In Canada, it was ALWAYS a fruitcake enclosed in marzipan.  No wedding reception is large enough to wipe out a three layer fruitcake, so the leftovers got us through some very thin times in our early married life!

DO you make your own Fruit Cake? Do you get it from Canada?

#14 Brija

Brija
  • legacy participant
  • 54 posts

Posted 03 October 2002 - 04:06 AM

I used not to like fruit cake until I found a recipe with lots of various fruit in it. I baked one for every Christmas… but last year, my fiancé wanted to bake a date cake for Christmas. I was not sure I’d like it… but we ended up changing the recipe quite a lot, and though the cake did not rise perfectly, it was definitely the best fruit cake (if a date cake qualifies as such) that I’ve ever tasted. It was incredibly moist, dark, and very flavorful. I just don’t know if it would have even improved with time, because we could not store it, we ate it! Now I’ve decided to abandon “my” fruit cake and ask for this every year! :smile: If it is possible to recreate it, since we did not make any notes about how we changed the original recipe… :sad:

#15 Wilfrid

Wilfrid
  • legacy participant
  • 6,208 posts

Posted 03 October 2002 - 06:58 AM

I have never made fruit cake, but I am adept at eating it.

One tip: try it alongside a thick slice of really good English cheddar (Montgomery's, Keen's) - if you can't get it in your area, probably the best pre-packed for this purpose is Cracker Barrel. And a glass of madeira.

#16 Toby

Toby
  • legacy participant
  • 780 posts
  • Location:New York

Posted 03 October 2002 - 08:12 AM

Just the other day, someone gave me the bare outlines of their "West Indian fruitcake" preparations, which they were starting now -- soak yellow and red raisins, currants, pitted dates and pitted prunes in a mixture of 2/3 white rum and 1/3 port or Madeira. For the rum, I was told to use "overproof" but have forgotten what that meant -- is it just very high proof?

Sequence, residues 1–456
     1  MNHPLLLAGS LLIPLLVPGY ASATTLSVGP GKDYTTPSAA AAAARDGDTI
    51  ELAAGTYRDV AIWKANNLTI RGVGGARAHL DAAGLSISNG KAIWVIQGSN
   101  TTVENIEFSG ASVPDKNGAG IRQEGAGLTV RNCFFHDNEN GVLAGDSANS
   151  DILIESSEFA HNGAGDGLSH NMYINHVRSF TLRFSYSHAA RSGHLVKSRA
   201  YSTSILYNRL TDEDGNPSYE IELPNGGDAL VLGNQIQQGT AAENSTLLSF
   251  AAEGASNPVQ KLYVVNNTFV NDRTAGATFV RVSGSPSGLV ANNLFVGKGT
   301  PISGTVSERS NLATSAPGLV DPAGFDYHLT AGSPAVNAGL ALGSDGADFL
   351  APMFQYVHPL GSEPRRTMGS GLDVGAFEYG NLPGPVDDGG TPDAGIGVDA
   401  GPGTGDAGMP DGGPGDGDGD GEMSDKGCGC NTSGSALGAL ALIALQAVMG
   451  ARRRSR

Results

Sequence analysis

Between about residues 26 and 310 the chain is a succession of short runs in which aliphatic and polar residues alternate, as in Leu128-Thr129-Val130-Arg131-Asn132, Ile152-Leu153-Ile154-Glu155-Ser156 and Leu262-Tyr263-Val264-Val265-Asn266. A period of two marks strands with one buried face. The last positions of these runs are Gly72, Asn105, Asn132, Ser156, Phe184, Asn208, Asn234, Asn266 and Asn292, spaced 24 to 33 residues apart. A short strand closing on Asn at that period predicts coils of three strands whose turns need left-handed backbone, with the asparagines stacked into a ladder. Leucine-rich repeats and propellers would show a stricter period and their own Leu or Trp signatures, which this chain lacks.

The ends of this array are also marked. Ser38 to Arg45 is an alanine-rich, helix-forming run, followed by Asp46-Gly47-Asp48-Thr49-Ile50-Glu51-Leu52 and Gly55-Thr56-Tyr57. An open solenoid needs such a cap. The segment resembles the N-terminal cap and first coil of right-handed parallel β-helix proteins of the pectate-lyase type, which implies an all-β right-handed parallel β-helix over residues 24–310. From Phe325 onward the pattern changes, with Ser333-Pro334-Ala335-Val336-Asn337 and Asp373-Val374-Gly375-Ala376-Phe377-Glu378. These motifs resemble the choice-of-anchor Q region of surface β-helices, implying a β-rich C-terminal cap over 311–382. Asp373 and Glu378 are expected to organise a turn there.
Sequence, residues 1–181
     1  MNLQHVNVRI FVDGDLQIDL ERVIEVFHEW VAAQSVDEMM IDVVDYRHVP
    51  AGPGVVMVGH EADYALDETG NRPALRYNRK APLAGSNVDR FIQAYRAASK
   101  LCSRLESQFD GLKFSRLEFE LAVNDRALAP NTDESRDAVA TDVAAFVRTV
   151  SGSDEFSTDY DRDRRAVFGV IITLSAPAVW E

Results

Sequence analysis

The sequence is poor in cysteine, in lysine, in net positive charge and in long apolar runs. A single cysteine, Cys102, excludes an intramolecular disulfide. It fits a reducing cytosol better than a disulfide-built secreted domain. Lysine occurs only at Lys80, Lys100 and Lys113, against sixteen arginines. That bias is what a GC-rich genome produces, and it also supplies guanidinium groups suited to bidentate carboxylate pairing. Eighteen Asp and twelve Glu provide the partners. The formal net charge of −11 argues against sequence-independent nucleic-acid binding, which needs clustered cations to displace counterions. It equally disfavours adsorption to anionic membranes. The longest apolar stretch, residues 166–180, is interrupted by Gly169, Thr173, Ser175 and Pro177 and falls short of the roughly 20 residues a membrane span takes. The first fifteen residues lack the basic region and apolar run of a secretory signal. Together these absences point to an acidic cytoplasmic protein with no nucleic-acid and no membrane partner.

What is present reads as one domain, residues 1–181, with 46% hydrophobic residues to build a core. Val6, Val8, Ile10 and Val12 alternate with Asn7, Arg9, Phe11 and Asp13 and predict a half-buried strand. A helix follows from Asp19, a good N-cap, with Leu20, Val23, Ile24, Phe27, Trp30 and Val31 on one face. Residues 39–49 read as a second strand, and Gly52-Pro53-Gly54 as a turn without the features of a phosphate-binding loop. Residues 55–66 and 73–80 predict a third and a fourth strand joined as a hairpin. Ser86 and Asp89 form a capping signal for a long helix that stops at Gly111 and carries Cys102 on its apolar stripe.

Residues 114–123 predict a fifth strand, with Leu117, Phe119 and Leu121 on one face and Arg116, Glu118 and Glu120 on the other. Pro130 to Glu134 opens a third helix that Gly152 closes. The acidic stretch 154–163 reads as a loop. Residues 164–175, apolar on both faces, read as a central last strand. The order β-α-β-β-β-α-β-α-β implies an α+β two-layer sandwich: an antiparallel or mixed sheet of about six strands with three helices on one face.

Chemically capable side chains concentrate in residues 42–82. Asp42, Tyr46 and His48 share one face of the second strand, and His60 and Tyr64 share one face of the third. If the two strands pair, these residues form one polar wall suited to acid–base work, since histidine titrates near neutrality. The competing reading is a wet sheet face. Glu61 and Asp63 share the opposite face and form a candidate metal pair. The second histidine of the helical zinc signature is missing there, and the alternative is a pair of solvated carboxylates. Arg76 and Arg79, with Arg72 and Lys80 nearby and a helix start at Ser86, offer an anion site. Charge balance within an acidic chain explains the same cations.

Does anyone have a good recipe for stollen?

#17 Suvir Saran

Suvir Saran
  • legacy participant
  • 4,877 posts

Posted 03 October 2002 - 08:21 AM

Just the other day, someone gave me the bare outlines of their "West Indian fruitcake" preparations, which they were starting now -- soak yellow and red raisins, currants, pitted dates and pitted prunes in a mixture of 2/3 white rum and 1/3 port or Madeira.

Same reason I posted now... We have the fruits soaking at least 21 days.. and actually, it is better to soak them longer.

#18 Fish

Fish
  • participating member
  • 158 posts

Posted 03 October 2002 - 05:02 PM

....
I use Susan Auntie’s recipe each year.  
.....
What recipes do you use?

Would you be willing to share your recipe ? As a co-ex-colonial (?!?!!?) I'm drooling just thinking about a good fruitcake. I've never understood why they're so much maligned here in the US.

- S

#19 Nick

Nick
  • legacy participant
  • 1,782 posts

Posted 03 October 2002 - 05:31 PM

A great fruit cake recipe:

That's about as far as any fruit cake should get.